Album Reviews

Kate Nash – My Best Friend Is You (Fiction) 19/04/2010

My Best Friend Is You, Kate Nash’s second album, does nothing to redeem her ‘kooky-britschool-brat-with-nothing-much-interesting-to-say’ image

65daysofstatic – We Were Exploding Anyway (Hassle) 26/04/2010

You can label “We Were Exploding Anyway” as electronic, post-rock, glitch, math-rock or whatever the hell you want, but the main thing is 65days have yet again proved that they can still create stunning and inventive material

Paul Weller – Wake Up the Nation (Island) 19/04/2010

There is reason to rejoice for Paul Weller, he has made an album which is in turn adventurous, fun and has avoided reverting to type

Josiah Wolf – Jet Lag (Anticon) 29/03/2010

Josiah’s lyrical style is in parts similar to that of Willy Mason’s, touching upon what seem to be personally difficult subjects with delicacy and emotion

The Radio Dept – Clinging To a Scheme (Labrador) 19/04/2010

‘Clinging To A Scheme’ is a pleasant and absorbing listen but not a memorable one and it could be said, a missed opportunity.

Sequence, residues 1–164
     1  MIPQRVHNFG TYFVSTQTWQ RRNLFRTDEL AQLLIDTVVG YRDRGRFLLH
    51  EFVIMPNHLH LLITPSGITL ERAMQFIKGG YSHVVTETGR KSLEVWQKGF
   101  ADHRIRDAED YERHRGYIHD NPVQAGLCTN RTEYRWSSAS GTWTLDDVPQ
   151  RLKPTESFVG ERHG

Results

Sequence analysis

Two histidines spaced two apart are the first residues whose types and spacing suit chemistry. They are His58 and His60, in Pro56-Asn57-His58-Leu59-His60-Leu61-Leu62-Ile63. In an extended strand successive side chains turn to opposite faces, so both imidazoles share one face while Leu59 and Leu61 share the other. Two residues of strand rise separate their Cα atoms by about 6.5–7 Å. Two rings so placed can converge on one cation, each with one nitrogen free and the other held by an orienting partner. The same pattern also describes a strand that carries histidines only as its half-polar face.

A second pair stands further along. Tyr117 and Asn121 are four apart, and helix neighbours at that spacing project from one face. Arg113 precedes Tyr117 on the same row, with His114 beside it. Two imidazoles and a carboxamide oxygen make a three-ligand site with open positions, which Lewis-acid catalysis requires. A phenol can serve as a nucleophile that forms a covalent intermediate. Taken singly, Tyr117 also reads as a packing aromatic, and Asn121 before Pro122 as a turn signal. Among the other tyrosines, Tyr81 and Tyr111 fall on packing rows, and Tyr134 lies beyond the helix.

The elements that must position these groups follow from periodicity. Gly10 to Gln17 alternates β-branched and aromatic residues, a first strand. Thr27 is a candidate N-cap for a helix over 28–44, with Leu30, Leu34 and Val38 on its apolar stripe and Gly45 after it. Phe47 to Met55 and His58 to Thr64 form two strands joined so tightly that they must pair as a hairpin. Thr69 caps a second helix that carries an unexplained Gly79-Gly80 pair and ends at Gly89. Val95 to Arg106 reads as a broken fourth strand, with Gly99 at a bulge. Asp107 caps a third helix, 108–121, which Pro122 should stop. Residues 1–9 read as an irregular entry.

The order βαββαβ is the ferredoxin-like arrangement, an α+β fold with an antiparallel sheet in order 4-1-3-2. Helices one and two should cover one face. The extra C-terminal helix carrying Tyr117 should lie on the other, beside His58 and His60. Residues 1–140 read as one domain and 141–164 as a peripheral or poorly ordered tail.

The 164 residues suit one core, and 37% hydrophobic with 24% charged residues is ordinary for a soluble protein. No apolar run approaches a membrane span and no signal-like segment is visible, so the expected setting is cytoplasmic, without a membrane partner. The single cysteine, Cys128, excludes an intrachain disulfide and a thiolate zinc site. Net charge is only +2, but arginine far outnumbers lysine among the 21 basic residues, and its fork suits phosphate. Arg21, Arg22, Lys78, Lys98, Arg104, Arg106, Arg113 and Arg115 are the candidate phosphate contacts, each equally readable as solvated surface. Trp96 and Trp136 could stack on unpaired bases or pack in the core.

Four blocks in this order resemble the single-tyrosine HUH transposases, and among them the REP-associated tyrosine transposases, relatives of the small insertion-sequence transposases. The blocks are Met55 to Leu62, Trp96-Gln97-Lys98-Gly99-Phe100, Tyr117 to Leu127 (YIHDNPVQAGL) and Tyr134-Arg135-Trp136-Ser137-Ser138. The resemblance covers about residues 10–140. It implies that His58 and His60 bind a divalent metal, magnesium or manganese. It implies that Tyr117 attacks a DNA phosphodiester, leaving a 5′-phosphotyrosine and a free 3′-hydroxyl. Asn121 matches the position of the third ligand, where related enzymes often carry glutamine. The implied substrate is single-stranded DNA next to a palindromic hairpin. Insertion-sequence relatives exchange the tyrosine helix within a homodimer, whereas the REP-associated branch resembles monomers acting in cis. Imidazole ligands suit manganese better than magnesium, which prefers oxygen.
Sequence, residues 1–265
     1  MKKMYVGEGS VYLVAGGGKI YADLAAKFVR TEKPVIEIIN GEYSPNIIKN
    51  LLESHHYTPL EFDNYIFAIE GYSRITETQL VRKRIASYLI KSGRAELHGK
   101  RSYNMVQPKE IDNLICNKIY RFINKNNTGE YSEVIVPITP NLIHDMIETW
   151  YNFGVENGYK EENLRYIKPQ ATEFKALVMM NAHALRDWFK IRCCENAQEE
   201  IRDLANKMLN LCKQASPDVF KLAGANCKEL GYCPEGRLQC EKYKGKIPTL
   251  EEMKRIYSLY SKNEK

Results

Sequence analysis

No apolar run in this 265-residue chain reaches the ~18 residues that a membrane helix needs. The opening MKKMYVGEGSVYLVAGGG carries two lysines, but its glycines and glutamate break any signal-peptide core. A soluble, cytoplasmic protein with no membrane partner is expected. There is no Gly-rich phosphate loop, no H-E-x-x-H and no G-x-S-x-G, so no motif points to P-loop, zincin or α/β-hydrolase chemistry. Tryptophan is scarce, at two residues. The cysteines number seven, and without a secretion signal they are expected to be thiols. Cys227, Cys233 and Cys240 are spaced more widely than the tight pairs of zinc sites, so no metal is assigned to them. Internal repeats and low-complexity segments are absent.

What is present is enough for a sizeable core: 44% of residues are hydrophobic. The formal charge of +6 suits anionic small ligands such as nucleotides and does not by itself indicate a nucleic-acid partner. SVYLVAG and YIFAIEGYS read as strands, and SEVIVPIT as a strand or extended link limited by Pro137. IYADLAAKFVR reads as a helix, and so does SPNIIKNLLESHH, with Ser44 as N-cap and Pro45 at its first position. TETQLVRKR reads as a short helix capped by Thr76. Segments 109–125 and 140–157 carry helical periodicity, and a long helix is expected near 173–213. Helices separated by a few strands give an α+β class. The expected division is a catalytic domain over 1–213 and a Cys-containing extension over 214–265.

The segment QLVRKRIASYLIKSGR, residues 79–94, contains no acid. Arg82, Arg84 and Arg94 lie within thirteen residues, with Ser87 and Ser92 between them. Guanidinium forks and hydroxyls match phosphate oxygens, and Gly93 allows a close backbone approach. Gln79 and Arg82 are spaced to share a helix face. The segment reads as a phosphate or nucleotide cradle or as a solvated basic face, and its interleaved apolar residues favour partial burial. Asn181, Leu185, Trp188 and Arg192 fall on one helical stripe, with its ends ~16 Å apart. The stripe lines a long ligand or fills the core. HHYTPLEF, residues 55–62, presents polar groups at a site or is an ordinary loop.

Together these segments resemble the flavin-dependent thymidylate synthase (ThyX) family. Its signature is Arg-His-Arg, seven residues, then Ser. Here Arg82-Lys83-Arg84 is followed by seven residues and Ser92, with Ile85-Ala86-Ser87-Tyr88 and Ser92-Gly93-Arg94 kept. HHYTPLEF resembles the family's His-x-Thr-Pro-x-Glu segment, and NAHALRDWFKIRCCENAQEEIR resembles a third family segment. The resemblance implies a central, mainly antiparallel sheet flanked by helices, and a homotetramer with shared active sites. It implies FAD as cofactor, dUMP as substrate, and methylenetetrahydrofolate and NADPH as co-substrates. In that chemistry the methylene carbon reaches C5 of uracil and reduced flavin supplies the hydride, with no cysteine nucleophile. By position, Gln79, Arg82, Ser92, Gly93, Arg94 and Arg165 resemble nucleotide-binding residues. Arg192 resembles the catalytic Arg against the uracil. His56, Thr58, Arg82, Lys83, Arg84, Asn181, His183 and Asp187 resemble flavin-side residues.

Love Is All – Two Thousand & Ten Injuries (Polyvinyl) 05/04/2010

‘Two Thousand & Ten Injuries’ is a perfect balance of meticulous planning and ramshackle punk, where the content is never overcooked yet never under looked.

Darwin Deez – Darwin Deez (Lucky Number Music) 12/04/2010

Darwin Deez has got one of the most infectious indie pop albums of the year so far and there are no synths in site

Dum Dum Girls – I Will Be (Sub Pop) 29/03/2010

This may not be the most original album you will hear this year, but when it is packed full of uplifting songs, raw guitars, catchy melodies and splendid girl group harmonies, who cares?

Laura Marling – I Speak Because I Can (Virgin) 22/03/2010

As a follow up to Marling’s very successful first album I Speak Because I Can cements the praise she received for Alas I Cannot Swim

We Have Band – WHB (Universal) 05/04/2010

There are all manner of influences completing their dissection of the dance genre, and although full of subservient ideas, We Have Band’s debut as a collective falls just short of a must have.